How far can you take loyalty?
Review: A Simple Favour
Starring: Blake Lively, Anna Kendrick, Joshua Satine
Since moving from a successful career in television production to directing feature-length films, Paul Feig has managed to define his career by gravitating toward scripts with strong female leads in comedic roles. FromBridesmaids to Ghostbusters, he has proven to be a champion of empowered women which manifested itself publicly with the varied response to the reboot of the 80’s classic. Despite having two strong leads in A Simple Favour, Feig moves into new territory with a dramatic mystery that centres on the depth of friendship.
Stephanie Smothers (Anna Kendrick) is a single mum who tries to mask her grief and loneliness by investing in the life of her son, Max (Joshua Satine) and reaching out to the online community with her weekly parenting vlog. After helping with another school event, she manages to meet Emily (Blake Lively), the mother of Max’s best friend, who invites the Smothers over for a playdate. While the boys play, the mothers get to know one another over martinis.
Despite their divergent lifestyles and outlooks on life, the two begin to build an unexpected friendship. As they learn more of one another and get involved in one another’s lives, Emily asks Stephanie for the simple favour of watching her son, Nicky (Ian Ho) while her husband, Sean (Henry Golding), cares for his sick mother in London and the businesswoman is stuck in an unexpected meeting. What was supposed to be an afternoon play date, turns into multiple days of care while Steph comes to the realisation of Emily’s disappearance. The stay-at-home mum has to work with Sean and law enforcement to piece together the mysterious vanishing of her friend. As she begins to unearth different clues and blogs about the case to her online followers, things become exceedingly unexpectedly sinister and lead to twists that will leave both families irrevocably changed.
The ebb and flow of Darcey Bell’s novel is reminiscent of Gone Girl, but focusses on female comradery and proves that moral depravity is alive and well in the supposed innocence of the suburbs. Instead of the dark canvas used in David Fincher’s classic mystery, Paul Feig chooses a lighter and whimsical entry point for this twisted tale by capitalising on the beauty and strength of his lead characters. The virtuous setting, stunning wardrobes and outstanding soundtrack will quickly draw audiences into this story of friendship and set them up to experience the same level of betrayal as the women in the film.
Reminiscent of the sirens of the Odyssey, the exterior allure of this story may draw audiences in, but the charm masks a vicious story of moral ambiguity that goes beyond believability and good taste. Kendrick and Lively are perfect in their multi-layered roles, but for every positive quality they provide their characters things prove impossible to escape the unappealing direction these women take.
At the risk of giving away key plot points and twists, it is best to say that a film that presents as a good choice for a ladies night out is the antithesis of a friendship bonding experience. From the inclusion of Lively’s full-frontal portrait as a key plot point to murder, incest, adultery, and arson as critical elements from the story’s progression, every endearing character or humorous anecdote is spoiled by a distasteful counterbalance.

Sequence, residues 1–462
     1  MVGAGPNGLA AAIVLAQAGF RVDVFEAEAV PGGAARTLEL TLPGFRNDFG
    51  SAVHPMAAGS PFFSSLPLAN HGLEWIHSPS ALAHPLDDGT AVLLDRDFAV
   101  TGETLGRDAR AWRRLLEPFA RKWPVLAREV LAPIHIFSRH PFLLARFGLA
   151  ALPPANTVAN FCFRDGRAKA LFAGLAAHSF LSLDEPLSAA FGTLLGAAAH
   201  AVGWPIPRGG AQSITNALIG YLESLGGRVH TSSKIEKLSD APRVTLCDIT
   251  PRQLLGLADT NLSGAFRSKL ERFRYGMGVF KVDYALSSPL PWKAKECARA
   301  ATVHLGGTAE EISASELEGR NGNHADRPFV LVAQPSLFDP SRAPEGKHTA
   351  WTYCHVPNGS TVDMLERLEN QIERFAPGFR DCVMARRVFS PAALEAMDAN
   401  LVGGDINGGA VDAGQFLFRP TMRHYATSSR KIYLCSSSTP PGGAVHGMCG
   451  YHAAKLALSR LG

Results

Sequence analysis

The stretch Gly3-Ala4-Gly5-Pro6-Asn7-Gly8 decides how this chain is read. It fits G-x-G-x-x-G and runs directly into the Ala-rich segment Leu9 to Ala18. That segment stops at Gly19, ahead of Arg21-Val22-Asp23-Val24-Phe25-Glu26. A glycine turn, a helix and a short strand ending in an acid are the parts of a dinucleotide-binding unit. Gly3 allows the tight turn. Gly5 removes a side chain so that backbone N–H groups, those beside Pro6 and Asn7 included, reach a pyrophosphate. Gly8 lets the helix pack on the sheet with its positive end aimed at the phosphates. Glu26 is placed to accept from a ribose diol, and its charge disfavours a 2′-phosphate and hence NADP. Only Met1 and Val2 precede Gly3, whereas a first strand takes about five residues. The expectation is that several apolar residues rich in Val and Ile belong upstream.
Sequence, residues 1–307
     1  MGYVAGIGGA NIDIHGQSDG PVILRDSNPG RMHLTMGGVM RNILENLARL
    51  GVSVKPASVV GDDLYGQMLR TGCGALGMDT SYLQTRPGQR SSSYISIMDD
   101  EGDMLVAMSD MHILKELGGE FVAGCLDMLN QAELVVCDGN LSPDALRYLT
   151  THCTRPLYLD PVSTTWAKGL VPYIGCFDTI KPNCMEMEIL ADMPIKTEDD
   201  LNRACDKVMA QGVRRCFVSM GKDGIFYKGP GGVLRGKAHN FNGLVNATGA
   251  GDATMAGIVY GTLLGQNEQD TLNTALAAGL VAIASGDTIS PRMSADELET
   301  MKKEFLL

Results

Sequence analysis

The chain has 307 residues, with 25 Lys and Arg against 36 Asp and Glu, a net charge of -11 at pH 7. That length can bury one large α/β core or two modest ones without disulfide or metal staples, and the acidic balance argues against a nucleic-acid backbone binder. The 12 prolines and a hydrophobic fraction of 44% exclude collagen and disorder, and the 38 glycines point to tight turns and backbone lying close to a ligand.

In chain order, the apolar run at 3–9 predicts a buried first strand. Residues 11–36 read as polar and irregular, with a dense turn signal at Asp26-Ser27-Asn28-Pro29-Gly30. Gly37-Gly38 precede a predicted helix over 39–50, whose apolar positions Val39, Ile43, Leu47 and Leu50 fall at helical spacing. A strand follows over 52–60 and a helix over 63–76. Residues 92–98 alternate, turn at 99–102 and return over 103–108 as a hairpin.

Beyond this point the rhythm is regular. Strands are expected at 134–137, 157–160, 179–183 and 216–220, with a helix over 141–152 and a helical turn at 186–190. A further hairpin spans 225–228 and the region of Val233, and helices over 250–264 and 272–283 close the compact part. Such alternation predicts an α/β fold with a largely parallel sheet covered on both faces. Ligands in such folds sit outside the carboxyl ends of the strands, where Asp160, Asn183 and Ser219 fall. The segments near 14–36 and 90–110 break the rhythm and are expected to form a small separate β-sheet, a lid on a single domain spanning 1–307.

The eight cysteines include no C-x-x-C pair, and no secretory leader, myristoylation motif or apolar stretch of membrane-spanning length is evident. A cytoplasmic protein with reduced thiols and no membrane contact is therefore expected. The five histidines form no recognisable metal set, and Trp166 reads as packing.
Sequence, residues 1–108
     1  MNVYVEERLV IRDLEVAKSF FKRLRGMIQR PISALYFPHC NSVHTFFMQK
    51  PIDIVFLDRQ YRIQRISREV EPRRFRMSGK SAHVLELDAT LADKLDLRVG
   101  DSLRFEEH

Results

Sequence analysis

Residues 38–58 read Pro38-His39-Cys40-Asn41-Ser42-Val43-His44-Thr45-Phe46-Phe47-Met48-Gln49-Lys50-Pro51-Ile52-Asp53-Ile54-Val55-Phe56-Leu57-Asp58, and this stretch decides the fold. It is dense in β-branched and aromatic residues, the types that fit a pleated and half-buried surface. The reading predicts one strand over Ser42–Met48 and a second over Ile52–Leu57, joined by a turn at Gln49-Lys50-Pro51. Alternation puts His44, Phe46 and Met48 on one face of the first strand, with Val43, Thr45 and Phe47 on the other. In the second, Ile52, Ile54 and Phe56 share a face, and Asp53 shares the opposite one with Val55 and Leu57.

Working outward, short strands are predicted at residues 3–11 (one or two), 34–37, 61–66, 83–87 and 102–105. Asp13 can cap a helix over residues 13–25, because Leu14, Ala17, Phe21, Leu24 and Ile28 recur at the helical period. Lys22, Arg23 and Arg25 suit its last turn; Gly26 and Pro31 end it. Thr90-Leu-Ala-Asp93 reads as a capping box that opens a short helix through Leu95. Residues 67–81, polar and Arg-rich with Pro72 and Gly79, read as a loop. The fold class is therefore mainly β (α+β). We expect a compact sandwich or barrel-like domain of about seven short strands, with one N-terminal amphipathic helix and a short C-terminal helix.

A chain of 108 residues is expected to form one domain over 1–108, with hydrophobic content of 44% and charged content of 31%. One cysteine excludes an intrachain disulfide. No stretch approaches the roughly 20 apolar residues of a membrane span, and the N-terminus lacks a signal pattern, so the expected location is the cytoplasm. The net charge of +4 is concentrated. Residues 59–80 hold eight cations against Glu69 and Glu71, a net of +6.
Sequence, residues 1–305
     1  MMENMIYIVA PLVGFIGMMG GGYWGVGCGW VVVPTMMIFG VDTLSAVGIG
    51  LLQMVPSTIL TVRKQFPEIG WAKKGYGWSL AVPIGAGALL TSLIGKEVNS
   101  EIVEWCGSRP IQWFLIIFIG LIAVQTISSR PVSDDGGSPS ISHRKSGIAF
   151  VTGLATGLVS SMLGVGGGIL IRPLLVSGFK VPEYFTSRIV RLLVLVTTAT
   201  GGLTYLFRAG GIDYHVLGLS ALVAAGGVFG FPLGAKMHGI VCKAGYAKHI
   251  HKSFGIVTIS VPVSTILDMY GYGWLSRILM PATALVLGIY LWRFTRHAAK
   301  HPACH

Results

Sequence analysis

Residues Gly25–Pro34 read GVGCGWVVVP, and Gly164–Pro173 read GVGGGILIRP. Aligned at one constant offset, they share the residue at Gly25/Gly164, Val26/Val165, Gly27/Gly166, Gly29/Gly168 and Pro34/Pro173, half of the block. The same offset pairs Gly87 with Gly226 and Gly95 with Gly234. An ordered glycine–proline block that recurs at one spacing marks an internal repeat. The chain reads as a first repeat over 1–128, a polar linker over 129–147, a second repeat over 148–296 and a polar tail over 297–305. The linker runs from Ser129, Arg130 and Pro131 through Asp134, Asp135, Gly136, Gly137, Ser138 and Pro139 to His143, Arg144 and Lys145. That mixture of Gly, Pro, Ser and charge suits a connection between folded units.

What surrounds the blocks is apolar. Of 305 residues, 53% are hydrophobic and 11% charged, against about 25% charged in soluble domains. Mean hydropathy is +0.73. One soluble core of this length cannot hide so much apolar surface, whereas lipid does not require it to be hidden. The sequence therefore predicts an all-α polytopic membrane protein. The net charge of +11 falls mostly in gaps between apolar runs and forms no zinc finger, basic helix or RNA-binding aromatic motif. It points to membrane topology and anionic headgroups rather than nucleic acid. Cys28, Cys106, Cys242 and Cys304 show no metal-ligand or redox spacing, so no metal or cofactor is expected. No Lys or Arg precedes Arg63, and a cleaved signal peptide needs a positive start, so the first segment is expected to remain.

Even though Feig does all he can to empower women through his films, A Simple Favour merely proves that ladies can be as morally abhorrent in their choices and despite their beauty, they can hide an unpalatable personality. Which leaves this reviewer to fulfil the role of Circe of The Odyssey, who helped his fellow travellers from getting too close to the danger of the Sirens. Even with the beauty on offer and despite the beautiful soundtrack, steer clear of this unsavoury tale of despair.
Loyalty is both fascinating and confusing. It is defined as being faithful to something on someone. People will put their money, careers and lives on the line for the sake of loyalty to family, friends or countries. In A Simple Favour, the characters base most of their decisions on misguided acts of friendship. It begs the question, why do we choose to be loyal or faithful to someone else?
It seems to be rooted in wanting to place an implicit trust in the person we put our faith in and knowing that this loyalty will be reciprocated. The Bible plies a deeper meaning to the idea of loyalty. In the study of these words and evaluating human history, God is the only one that is completely faithful. He is faithful even when his followers are faithless. On the subject of loyalty, mankind’s faithfulness can be fleeting, but with God we can find real loyalty and someone who is true to their word.
1. Is lying ever justified in life? (Proverbs 19:9, Psalm 101:7)
2. Can we ever find justice? (Proverbs 21:15, Romans 12:19)
3. Is revenge ever justified? (Romans 12:17-21, 1 Peter 3:9)
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